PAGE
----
“The EV travelled 13,375 kilometres per year, about average for a NZ car. The energy used was 2,388 kWh, or 5.6 kilometres per kWh (plug-to-wheels) – a relatively low efficiency for an EV, partly a result of living in the hilly terrain of the Kaipatiki area of Auckland. The cost of that energy was about $513, compared to $2,247 for our old ICE car. So, a net saving of at least $1,734 per year. The comparable price per litre of petrol is approximately 46 cents.”
Even using the most conservative approach, Jones estimates that the net carbon (CO2) saving per year from his electric car use was 2,218 kilograms – slightly less than a one-way trip to London travelling economy class. The actual figure would have been higher, but his figures didn’t take into account that the car was charged overnight when the electricity grid was most likely to be using hydro power. In summer, the overnight charging was often from their home solar panel-charged battery (though Jones excluded the benefit of home solar from his carbon footprint calculations for the car).
The electric car was therefore a clear winner. This matches up with a previous study from 2016 by Wellington-based consultancy firm Concept Consulting. The same piece quotes the minister of energy and resources at the time, Simon Bridges, who said that, “Across their life cycle, from resource extraction and manufacturing to driving and disposal, electric vehicles have 60% fewer CO2 emissions than petrol vehicles.
“In addition, because of New Zealand’s high renewable electricity generation, they have 80% fewer CO2 emissions when driven here. If we start to replace our fleet with electric vehicles, we can begin to significantly reduce New Zealand’s greenhouse gas emissions.”
While Jones’ data showed that electric cars are a cost effective way to reduce one’s carbon footprint, it is worth digging deeper into why solar panels were so ineffective in this particular case.
One obvious issue was how the specifics of Jones’ lifestyle (as part of a three-person family living in Auckland) affected the result. Consumer published a study last year that showed solar set-up (without a battery) for a high-energy-usage household in the Hawke’s Bay would pay for itself in 13-14 years, though this would rely on buying the system upfront rather than leasing it (Consumer did not calculate the carbon emissions for a leasing situation, but one would expect a slight improvement.)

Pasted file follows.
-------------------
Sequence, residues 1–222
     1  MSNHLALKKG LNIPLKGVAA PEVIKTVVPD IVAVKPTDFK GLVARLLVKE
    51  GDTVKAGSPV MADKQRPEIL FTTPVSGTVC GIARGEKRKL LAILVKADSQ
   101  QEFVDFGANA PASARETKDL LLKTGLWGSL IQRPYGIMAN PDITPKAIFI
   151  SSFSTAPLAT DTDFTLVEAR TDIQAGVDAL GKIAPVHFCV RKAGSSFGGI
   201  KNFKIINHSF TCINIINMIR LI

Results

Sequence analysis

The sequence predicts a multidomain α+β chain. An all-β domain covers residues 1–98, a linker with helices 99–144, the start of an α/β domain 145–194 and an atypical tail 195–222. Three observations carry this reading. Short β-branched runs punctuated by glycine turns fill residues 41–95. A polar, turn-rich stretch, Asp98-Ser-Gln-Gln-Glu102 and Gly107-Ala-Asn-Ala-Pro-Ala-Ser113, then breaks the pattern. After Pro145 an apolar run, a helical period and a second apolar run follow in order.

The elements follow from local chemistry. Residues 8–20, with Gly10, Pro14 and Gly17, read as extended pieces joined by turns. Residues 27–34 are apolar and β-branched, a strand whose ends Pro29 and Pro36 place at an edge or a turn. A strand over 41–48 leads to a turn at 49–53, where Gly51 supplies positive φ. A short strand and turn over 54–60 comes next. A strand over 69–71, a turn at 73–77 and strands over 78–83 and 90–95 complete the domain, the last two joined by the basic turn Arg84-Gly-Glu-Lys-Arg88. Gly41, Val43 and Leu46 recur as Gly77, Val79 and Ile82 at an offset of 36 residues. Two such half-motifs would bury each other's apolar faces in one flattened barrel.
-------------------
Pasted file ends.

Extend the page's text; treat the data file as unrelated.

Another complicating factor is the make-up of New Zealand’s electricity grid overall. While there are a large amount of renewables in the mix, gas is still essential for meeting peaks in demand. This is because power usage varies throughout the day, with peaks in the morning (around 7am when people get up) and in the evening (when they return home to cook dinner etc). Unfortunately, these bursts in activity do not match the times when solar panels are most likely to be generating power (in the middle of the day) and unless a home has a large, expensive array of batteries, then it is difficult to cover this leap in demand.
In winter, when rainfall and river flow is high, hydro power does produce a large amount of the power within New Zealand’s electricity grid (since there is a build-up of water above the dams, which can be released to generate power) and even the greater need for home heating in these colder months does little to affect this situation. Instead, it is in late summer, when the hydro lakes are low, when coal – the most emissions-intensive form of energy generation – is most often used.